... the spherical seats for the exhausts in the heads used on the Mk3 allow much more tweaking of the position of the pipes / silencer. Part number  06.5259  available from AN (and no doubt others). As Richard says, pushing the back end out moves the offending portion inwards.


I had the same problem with my Dominator.  What I did was mount the silencer on the inside face of the pillion footrest bracket instead of the outside.  That gave about 1/4" extra clearance and entirely eliminated the issue.  The bike is a little asymetric as a result, but it works.

Yes, the Commando is different, but a similar approach may work.



There's these:


Saw this on Sunday at Whitchurch bike meet. '71 750 Roadster. Didn't speak to the rider so don't know where it's from. But no dents in this silencer.

pivoted kickstart


That appears to be a T160 kickstart lever.  I got one for my ‘68 T120 many years ago when it had swept back pipes and rear sets.  Thought it would help keeping the kickstart away from my leg, but never got on with the way it would start folding back when lifting my leg ready for another kick. My solution was a standard T120 kickstart, heated and bent forward at mid height to clear my leg, 

That's my bike, it's from RGM and, yes it's a T160 "style" kickstart made for Commandos. I bought it for a Dommie cafe racer but it didn't work with the rear sets I had on it so I put it on my Commando instead. The original one didn't hit the silencer either. As for the the statement "They all do that" about hitting the silencer: WALOB.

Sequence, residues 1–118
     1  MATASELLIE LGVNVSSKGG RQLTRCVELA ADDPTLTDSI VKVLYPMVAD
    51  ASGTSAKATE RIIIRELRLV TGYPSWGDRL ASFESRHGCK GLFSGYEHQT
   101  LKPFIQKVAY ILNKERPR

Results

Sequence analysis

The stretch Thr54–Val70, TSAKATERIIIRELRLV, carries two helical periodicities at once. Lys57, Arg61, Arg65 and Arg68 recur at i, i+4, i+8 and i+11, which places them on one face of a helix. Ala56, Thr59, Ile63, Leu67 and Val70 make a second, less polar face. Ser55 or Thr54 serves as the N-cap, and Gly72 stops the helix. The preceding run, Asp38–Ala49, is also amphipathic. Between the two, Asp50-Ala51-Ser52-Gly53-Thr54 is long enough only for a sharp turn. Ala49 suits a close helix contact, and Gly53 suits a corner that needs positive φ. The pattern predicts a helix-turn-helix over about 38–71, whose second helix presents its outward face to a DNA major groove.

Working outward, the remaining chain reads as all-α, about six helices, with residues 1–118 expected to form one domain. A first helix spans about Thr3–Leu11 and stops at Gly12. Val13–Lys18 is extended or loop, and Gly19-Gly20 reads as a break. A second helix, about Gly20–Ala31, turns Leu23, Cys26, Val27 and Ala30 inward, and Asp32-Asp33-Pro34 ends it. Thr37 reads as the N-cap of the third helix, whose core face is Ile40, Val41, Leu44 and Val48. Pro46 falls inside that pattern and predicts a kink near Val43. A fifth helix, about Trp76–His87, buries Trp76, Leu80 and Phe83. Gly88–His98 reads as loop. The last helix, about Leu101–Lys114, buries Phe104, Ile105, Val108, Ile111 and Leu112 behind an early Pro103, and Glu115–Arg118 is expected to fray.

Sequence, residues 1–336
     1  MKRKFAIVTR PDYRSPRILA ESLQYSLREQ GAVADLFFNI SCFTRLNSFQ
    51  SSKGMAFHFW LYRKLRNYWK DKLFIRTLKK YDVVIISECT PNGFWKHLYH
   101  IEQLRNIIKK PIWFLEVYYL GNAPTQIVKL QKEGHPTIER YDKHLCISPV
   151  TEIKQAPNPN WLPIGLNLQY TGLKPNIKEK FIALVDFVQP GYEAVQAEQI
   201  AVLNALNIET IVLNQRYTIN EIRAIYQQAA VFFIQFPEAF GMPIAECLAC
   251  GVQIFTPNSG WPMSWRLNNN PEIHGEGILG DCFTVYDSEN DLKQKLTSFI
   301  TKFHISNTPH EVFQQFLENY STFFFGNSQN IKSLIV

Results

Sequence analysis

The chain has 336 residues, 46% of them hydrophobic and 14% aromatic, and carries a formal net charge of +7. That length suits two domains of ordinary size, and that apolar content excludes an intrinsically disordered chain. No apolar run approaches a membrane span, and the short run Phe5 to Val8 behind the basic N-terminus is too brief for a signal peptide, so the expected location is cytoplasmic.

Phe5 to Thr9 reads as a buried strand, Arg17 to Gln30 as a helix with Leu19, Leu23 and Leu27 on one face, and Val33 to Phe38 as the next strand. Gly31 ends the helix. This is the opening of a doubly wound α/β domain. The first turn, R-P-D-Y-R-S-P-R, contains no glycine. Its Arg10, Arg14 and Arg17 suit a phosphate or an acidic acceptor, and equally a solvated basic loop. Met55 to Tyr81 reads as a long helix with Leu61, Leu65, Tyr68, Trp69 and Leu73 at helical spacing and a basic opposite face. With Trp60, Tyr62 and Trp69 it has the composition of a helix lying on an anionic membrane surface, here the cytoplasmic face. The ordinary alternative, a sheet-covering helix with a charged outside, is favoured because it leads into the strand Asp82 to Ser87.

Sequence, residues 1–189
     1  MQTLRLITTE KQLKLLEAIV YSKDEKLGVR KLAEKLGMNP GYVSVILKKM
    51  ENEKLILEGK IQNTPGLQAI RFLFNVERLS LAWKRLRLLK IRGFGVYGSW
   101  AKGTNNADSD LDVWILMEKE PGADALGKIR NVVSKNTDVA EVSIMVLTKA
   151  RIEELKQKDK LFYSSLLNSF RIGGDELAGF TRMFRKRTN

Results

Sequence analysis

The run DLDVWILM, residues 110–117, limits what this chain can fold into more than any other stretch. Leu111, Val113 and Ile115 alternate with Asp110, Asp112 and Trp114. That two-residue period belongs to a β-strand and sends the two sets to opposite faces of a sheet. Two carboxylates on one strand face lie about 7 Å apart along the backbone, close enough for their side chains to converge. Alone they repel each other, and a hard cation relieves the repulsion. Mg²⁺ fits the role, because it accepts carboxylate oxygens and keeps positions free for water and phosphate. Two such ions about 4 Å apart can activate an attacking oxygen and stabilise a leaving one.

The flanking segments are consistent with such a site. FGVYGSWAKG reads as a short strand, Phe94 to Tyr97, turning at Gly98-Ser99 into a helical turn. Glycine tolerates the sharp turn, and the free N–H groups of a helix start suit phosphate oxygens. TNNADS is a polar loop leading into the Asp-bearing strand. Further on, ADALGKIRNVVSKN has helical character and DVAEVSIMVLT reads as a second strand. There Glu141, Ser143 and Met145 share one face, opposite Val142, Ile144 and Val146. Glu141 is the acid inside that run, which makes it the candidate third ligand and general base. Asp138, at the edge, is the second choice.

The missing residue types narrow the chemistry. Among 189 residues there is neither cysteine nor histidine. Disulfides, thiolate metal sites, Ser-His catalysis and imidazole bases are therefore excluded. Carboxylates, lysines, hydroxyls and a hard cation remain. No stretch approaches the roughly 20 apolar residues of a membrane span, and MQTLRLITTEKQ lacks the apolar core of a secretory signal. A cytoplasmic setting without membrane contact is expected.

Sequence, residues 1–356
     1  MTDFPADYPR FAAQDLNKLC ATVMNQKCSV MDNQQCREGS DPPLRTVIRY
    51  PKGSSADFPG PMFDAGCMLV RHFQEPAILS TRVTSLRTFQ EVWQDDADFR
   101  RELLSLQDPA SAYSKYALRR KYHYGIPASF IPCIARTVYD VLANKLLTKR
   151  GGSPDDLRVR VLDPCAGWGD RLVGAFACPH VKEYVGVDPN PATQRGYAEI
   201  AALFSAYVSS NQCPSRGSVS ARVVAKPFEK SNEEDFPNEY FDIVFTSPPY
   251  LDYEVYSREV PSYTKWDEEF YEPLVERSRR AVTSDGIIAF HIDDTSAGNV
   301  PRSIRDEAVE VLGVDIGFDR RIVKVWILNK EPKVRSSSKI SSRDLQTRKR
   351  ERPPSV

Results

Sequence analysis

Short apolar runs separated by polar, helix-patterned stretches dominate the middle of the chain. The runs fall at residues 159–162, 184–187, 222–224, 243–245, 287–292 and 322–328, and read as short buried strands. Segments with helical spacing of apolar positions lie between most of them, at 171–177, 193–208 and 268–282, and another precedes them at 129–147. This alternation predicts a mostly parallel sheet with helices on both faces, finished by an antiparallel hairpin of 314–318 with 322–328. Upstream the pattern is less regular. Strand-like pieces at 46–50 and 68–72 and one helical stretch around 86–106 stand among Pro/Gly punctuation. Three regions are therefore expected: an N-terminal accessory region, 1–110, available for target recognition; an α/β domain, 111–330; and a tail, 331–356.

I too have a T160-style lever from RGM.

One point to note is that, being longer, one has to get one's leg up higher to begin kicking.


The kickstart doesn't foul the exhaust on my Commando, it certainly used to clout the silencer once over however. I think that some of the exhaust mounting bobbins available are too fat {BMC Mini exhaust mountings} thus pushing the siliencer outwards. I have fitted some slimmer bobbins and the silencer is tucked in a little more and no more clouting the silencer. The trouble is I can't remember where I got them from for the life of me, but probably came from Roger Myers.


Graham my slim bobbins came from RGM, took some finding but they had the sizes on the description and I had an original to measure and compare. Work a lot better than the Mini ones. 


Hi Richard  I think your problem is not helped by your silencers, the tapered part  where it clamps to the exhaust pipe yours has a bell section (which I call a Triumph pattern) as apposed to ( which I call a Norton pattern )which tapers all the way down to exhaust pipe size .I hope this makes  sense. As others have said a MK111 kick start would give more clearance 

Hello John,

I used to think that 'Mini' bobbins were the correct fitment for the machine but I have since learned that Norton fitted a similar bobbin but of slimmer proportions. I have now remembered that I indeed purchased them from RGM. So maybe fitting them to the offending motorcycle will sort it?

I think it was the NOC Commando Notes that mentioned the Mini waisted bobbin as a cheap replacement and some suppliers followed by offering them, but you are right that using them can move the pipe out. Its a mixture of issues that can add up to the issue, not all on their own will cause it. I can't remember why I went looking for them but it was connected to some rearsets I was making.